King Charles is set to celebrate his accession to the throne for a second time, with his Scottish coronation.
During a thanksgiving and dedication service at St Giles’ Cathedral on Wednesday, July 5, he will be presented with the Honors of Scotland, the country’s crown jewels.
The service, nicknamed the Scottish Coronation, will include other royals as well as another appearance by the Stone of Destiny and a dramatic fly-past by the Red Arrows.
Following the Union of the Crowns in 1603, Charles is not only King of England but also King of Great Britain.
Every year, the monarch spends a week at the Palace of Holyroodhouse in Edinburgh, which is known as Holyrood Week or Royal Week in Scotland.
And the celebrations today Wednesday will be taking place right in the middle of the traditional week.
The service will be held at Edinburgh’s St Giles’ Cathedral, where the late Queen’s casket was laid to rest before being carried to London.
The ceremony will include centuries-old features of Scottish royal tradition as well as new additions such as music produced just for the occasion, a psalm performed in Gaelic, and the use of the New Testament in Scots.
The sermon will be delivered by Rt Rev Sally Foster-Fulton, Moderator of the General Assembly of the Church of Scotland, followed by a blessing to conclude the service.
Nicola Benedetti, a violinist, will be among the artists performing, as will Olympic rower Dame Katherine Grainger, who will wield the Elizabeth Sword, which will be used in place of the Sword of State.
The scepter and crown from the Honors of Scotland, as well as the Elizabeth Sword, will be delivered to the King at the ceremony.
This is a new sword designed to replace the current Sword of State, which was given to James IV by Pope Julius in 1507 but can no longer be used due to its delicate state.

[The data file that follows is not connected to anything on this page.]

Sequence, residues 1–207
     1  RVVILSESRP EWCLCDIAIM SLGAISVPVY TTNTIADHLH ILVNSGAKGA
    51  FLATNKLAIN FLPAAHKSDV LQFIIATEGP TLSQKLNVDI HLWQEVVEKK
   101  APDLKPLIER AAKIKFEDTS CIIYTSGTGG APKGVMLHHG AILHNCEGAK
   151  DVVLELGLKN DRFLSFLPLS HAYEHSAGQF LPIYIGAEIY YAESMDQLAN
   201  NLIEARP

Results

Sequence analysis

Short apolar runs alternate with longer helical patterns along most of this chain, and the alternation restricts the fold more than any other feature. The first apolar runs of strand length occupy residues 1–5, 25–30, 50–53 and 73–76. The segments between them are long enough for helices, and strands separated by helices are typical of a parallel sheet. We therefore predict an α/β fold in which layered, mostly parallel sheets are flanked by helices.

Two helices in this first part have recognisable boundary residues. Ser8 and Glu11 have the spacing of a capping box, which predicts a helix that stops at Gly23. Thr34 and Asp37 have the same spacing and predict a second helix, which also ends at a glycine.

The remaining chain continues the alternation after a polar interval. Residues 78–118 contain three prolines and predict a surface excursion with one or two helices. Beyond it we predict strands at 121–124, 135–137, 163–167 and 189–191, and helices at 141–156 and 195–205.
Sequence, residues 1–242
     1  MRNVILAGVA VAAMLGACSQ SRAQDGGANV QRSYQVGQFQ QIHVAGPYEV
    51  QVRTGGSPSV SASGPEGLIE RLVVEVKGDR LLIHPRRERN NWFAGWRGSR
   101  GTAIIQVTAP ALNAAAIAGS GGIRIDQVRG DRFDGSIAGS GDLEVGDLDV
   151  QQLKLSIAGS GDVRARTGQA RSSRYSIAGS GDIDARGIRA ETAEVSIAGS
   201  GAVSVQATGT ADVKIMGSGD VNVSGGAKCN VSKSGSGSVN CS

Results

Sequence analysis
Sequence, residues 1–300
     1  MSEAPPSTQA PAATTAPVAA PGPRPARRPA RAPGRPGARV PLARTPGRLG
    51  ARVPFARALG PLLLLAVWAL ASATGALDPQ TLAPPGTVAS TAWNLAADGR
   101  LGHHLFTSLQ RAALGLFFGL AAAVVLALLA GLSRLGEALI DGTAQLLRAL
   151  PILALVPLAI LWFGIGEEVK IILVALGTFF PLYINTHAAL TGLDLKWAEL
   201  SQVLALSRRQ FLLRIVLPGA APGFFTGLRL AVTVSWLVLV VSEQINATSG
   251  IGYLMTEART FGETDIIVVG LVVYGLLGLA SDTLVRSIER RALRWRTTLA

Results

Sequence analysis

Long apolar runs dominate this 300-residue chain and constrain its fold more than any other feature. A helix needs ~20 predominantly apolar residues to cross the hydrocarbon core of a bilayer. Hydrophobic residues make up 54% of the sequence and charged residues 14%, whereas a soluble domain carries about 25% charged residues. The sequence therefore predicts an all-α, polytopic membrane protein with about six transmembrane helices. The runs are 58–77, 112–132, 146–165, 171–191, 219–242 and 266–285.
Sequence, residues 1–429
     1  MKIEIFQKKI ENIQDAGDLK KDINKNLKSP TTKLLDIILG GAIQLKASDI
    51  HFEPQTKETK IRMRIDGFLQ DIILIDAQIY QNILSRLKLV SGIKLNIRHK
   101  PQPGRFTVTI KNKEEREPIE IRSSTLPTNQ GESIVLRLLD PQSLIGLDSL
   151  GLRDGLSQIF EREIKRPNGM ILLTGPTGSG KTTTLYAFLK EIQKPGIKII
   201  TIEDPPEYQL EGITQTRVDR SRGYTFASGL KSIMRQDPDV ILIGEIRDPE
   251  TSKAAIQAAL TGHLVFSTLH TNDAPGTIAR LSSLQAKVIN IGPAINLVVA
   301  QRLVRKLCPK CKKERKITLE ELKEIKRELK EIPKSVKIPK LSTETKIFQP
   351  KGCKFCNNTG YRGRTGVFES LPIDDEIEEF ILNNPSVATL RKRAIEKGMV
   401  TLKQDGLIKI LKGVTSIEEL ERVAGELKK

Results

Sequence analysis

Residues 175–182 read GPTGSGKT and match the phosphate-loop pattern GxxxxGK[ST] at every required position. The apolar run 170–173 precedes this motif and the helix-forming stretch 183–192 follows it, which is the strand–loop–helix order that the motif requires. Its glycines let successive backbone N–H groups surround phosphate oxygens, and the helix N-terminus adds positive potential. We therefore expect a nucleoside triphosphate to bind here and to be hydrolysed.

The Elizabeth Sword will be carried by Dame Katherine, Lady Dorrian, the Lord Justice Clerk will hold the scepter, and the Duke of Hamilton the Crown of Scotland.
A people’s march of about 100 community groups will collect the honors from Edinburgh Castle before the service.
The Royal Regiment of Scotland and its Shetland pony mascot, Corporal Cruachan IV, will then lead the march to the cathedral, accompanied by cadet musicians from the combined cadet force pipes and drums.
Meanwhile, a royal procession will move from the Palace of Holyroodhouse to the cathedral, with spectators lining the Royal Mile to see both processions.
On Monday, rehearsals were performed on the Royal Mile and outside the cathedral in preparation for the celebrations later this week.
After the St Giles’ service, a 21-gun salute will be fired from Edinburgh Castle before the royal procession returns to the palace.
The Stone of Destiny will be present for the ceremony, and there will be a fly-past by the Red Arrows following it.
Other royals such as Queen Camilla, William, and Kate will be in attendance to witness the coronation.